Skills

Multiple Intelligences

Multiple Intelligences

Picture a professional athlete; a musical prodigy; a mathematical genius; and the neighbor who is friendly to everyone.

What do they have in common? Each is extraordinarily talented in an area that helps define his/her persona and professional/educational pursuit. Yet none are equally capable across all of the skill areas.

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Executive Function

Executive Function
Think of a person who can focus on a task for hours; recall obscure trivia facts; is always late to everything. These individuals have differing mastery of their Executive Functions. Executive Functions (EFs) are the cognitive processes responsible for cueing, directing, and coordinating one's own perception, emotion, cognition, and action. Effective coordination and control of EFs allows one to take in and process information, plan actions, and execute on those plans. Conversely, ineffective mastery of EFs result in behaviors that lead to difficulties in school and work environments. SEE MORE trending_flat

RIASEC - John Holland and Career Interests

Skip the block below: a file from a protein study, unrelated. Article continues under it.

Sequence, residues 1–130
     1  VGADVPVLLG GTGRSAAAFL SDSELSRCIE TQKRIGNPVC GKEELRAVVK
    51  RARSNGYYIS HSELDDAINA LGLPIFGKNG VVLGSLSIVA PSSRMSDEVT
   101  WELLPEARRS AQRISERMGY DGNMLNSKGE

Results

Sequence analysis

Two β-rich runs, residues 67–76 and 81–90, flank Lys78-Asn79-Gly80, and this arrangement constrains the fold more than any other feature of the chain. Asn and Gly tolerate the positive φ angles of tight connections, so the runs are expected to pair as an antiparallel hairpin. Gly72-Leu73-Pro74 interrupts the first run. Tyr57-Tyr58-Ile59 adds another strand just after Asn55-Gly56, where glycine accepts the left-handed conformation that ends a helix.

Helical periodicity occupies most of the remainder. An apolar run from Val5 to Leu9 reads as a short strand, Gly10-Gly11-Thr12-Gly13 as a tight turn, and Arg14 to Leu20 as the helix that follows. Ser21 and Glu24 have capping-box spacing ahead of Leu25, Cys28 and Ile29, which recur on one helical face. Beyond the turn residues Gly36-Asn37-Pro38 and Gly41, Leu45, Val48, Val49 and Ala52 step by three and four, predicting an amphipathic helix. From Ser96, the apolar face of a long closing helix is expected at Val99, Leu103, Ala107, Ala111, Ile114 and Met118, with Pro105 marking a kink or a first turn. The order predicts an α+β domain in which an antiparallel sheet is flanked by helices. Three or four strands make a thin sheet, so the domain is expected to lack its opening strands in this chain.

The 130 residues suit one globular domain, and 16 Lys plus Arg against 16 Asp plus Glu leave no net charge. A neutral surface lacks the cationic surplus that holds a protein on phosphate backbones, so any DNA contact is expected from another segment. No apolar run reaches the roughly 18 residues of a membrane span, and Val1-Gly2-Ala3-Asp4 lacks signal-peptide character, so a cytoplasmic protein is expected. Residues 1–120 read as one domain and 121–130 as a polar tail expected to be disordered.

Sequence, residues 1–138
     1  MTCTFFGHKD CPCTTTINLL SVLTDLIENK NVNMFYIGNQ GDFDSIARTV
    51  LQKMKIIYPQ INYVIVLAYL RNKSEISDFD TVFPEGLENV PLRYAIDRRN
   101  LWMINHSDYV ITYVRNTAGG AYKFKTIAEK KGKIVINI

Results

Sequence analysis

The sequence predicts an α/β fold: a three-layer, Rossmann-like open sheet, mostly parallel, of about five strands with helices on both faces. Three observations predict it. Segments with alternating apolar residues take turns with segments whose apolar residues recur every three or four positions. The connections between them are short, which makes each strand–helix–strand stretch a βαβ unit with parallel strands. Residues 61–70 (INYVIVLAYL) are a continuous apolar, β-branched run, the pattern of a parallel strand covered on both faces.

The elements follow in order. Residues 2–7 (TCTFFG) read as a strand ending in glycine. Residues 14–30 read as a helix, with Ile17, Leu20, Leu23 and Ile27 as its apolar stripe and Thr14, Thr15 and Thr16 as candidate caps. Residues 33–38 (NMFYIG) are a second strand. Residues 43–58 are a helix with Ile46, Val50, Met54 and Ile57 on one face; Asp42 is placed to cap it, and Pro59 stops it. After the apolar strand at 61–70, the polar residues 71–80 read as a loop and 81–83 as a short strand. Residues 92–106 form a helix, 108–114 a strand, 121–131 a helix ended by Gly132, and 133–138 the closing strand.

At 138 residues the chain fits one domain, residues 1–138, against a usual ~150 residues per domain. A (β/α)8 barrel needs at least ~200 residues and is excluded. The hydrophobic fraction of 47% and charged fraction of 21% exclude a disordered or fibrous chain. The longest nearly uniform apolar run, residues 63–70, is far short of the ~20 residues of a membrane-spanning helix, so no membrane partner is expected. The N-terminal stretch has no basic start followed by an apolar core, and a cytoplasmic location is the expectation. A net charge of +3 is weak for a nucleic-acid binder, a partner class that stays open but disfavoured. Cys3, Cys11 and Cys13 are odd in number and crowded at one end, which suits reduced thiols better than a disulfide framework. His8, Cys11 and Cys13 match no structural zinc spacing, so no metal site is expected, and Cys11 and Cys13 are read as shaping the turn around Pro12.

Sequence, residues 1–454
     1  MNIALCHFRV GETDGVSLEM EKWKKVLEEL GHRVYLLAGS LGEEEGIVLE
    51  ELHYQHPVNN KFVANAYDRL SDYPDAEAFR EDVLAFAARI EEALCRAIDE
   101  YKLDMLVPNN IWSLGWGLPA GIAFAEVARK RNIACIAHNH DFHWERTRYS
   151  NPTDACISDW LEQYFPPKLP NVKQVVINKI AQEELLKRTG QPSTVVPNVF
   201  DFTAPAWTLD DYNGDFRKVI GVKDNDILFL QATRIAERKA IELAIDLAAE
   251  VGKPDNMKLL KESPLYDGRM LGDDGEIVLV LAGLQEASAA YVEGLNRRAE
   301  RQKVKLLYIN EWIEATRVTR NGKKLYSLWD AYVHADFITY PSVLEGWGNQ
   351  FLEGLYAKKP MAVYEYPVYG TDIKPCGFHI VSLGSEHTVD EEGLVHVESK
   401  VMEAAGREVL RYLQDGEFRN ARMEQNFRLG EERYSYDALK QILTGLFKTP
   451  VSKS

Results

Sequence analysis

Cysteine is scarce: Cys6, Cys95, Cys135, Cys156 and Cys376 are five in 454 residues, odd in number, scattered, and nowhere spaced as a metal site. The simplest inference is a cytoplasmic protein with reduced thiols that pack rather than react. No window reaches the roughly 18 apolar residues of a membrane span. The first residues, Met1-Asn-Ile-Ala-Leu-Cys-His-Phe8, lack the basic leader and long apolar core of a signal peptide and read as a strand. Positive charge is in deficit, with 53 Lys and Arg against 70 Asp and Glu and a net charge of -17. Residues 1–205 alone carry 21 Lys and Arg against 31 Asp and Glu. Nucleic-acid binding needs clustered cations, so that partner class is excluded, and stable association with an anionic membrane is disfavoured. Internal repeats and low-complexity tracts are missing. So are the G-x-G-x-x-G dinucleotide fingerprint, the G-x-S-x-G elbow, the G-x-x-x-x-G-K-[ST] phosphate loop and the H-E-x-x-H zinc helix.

RIASEC

John Holland was Professor Emeritus of Sociology at Johns Hopkins University and is best known as the creator of the career development model, the Holland Occupational Themes (Holland Codes). Holland suggests that all people fit into one or more personality types: realistic, investigative, artistic, social, enterprising and conventional - the RIASEC assessment that is widely used by career counseling professionals. Implicit in the theory is the concept that a person's career needs to reflect a person's personality and preferences in order to have interesting and fulfilling jobs. An "outdoor person" will likely be miserable sitting at a desk on a computer all day.

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